Work in the Sunshine
Sunday, May 27th 2018
The bird ringers divided into two teams, one checking nest boxes on the training area, whilst the other group checked Foxglove. Although busy both groups managed a little time to stop and stare. This is a view across the training area.
This beautiful wood has many old trees and there are several boxes of chicks.
Colours on the far side of the lake have changed from black and brown to greens, with the white of Hawthorn showing through.
Back to the chicks. Some were too tiny to ring and these will be visited again at a later date.
These Coal Tits identified by the white mark on the back of their heads will not be long before they fledge.
Some of the broods are large with eleven chicks. One set of Great Tits were reported to be, for want of a better word, fat!
Kestrels were also ringed and this group shows the different sizes of young, as the female starts to incubate as soon as she lays her first egg.
All the bird ringers had a long day carrying out this essential work. Some of the birds ringed today will soon make their appearance in the ringing room. A huge thank you to all involved and for the photographs.
At Foxglove everthing seems to flowering, flying and growing! Being in the right place at the right time can sometimes give you a moment to remember. Plovers Pool was a watering hole for a flock of House Martins. Never easy to photograph, honestly the splodges are House Martins! Once they had had their drink they disappeared!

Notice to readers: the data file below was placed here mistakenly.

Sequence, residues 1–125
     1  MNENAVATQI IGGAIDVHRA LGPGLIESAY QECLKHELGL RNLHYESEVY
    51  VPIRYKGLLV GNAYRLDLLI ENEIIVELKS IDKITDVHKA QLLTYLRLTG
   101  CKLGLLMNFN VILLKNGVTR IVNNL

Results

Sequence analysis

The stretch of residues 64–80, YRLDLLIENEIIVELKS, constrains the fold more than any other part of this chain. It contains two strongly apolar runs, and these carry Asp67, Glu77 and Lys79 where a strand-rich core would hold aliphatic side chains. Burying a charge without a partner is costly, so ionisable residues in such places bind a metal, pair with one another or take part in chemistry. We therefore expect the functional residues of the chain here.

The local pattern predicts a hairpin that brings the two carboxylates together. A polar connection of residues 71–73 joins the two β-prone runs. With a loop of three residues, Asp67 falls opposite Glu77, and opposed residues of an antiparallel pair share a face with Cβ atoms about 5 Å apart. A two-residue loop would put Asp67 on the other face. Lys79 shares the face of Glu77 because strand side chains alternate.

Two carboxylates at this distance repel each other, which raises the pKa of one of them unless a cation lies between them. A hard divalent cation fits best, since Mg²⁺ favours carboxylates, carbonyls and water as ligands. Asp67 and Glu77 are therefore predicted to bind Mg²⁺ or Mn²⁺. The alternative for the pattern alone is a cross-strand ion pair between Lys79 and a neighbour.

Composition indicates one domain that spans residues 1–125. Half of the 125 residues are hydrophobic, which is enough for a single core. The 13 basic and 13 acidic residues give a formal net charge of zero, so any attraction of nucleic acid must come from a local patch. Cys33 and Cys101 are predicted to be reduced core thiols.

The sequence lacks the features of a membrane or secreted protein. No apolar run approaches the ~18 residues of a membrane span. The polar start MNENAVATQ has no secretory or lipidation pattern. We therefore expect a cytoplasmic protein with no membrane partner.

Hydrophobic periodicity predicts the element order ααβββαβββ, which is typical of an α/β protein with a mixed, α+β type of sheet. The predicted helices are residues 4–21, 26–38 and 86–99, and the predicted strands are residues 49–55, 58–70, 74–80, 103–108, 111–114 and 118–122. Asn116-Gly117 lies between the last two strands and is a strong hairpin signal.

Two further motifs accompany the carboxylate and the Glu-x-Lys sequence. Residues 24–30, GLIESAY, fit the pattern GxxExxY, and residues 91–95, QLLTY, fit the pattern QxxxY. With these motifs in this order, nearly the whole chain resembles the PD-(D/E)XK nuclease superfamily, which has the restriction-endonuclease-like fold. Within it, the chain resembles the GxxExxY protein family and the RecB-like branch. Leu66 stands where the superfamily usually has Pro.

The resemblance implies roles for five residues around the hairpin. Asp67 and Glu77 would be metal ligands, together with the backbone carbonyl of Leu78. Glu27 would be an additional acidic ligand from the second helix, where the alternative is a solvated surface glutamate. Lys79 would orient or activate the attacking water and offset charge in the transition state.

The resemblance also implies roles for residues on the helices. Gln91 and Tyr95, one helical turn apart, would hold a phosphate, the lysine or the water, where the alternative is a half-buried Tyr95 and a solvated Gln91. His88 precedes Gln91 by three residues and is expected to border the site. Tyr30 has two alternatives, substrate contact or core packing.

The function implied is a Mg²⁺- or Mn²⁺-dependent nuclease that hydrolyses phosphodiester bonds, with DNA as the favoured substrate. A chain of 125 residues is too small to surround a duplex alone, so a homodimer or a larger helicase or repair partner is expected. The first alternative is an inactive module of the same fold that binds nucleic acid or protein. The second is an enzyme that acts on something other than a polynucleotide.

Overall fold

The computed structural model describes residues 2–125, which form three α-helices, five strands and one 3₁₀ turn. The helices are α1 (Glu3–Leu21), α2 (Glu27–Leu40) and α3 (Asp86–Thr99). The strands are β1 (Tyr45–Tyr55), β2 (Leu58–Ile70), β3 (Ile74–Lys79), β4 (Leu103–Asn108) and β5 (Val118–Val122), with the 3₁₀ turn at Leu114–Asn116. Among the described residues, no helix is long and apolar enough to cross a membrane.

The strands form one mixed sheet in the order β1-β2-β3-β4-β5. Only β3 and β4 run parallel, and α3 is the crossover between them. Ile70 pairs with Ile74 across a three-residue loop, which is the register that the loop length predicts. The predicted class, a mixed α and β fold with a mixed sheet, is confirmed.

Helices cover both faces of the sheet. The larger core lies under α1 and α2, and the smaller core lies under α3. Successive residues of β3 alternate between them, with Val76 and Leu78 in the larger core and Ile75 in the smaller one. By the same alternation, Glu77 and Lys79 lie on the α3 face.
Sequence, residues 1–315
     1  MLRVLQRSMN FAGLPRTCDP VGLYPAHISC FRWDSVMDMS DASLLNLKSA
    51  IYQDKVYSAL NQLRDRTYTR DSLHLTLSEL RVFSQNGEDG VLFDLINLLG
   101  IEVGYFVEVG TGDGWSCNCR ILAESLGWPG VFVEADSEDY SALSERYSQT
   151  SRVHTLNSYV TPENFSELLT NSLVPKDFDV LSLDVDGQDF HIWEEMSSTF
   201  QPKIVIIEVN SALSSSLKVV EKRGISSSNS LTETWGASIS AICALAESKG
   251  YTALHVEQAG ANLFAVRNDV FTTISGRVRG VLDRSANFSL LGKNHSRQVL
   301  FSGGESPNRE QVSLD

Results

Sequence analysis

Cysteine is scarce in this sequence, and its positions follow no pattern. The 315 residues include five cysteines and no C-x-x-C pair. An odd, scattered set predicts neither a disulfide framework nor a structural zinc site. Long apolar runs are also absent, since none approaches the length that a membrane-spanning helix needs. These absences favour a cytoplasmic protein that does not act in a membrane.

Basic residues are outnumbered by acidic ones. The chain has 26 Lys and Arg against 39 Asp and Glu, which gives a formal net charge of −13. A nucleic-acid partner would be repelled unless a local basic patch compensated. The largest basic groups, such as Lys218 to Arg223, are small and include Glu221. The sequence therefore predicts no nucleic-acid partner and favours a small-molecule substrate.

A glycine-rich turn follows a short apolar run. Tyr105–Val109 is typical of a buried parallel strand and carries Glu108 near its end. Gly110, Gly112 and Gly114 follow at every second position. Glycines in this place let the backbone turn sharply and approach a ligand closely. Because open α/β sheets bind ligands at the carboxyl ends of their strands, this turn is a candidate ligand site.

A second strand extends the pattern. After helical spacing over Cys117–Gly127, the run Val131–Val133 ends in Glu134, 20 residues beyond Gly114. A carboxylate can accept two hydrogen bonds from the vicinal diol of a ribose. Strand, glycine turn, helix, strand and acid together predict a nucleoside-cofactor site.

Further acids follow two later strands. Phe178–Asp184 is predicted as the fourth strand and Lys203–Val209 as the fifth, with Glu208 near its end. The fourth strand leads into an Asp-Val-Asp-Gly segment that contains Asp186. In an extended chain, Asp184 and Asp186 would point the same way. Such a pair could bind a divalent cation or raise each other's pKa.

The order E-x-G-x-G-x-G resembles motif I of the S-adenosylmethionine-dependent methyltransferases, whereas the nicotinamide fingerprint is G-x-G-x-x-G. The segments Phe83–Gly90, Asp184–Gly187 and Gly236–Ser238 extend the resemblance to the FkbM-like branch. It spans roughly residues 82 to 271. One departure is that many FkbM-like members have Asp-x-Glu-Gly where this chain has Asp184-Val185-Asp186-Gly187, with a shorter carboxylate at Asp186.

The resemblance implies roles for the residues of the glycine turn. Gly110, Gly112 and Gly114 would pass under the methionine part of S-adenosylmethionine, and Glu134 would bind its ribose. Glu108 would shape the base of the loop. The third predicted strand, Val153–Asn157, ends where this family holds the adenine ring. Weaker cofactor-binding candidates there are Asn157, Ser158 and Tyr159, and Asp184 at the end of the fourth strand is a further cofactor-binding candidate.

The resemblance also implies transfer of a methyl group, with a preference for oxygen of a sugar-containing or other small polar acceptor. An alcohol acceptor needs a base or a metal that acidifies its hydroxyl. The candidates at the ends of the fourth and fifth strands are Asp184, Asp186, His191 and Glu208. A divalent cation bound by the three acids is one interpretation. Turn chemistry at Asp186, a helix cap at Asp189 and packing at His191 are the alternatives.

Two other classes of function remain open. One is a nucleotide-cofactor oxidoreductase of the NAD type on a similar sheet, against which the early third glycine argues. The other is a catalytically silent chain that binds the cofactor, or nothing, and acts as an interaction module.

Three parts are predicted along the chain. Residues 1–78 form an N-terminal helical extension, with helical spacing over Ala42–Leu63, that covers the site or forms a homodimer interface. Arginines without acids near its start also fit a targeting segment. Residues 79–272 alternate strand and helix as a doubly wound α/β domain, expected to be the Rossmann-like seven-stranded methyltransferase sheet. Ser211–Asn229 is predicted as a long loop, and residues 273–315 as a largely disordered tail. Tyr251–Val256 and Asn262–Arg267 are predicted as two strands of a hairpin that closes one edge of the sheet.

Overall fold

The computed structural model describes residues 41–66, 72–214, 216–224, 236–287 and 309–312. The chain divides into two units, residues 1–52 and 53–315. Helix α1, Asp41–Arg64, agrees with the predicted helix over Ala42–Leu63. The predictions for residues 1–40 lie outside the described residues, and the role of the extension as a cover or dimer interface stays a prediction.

Whilst watching their aerial acrobatics I noticed something else. Dragging my eyes away from the birds I realised that I was watching a Broad Bodied Chaser, hunting across the water. A perch by the side of the pool gave me great views and the opportunity to take a photograph that was in focus. Usually they move far too quickly for any sort of image to be taken. This species enjoys more open ponds with little vegetation, Plovers Pool is ideal for them.
There are still Early Purple Orchids in flower and the Northern Marsh are joining them.
And finally - how may insects can you get on a single buttercup flower?
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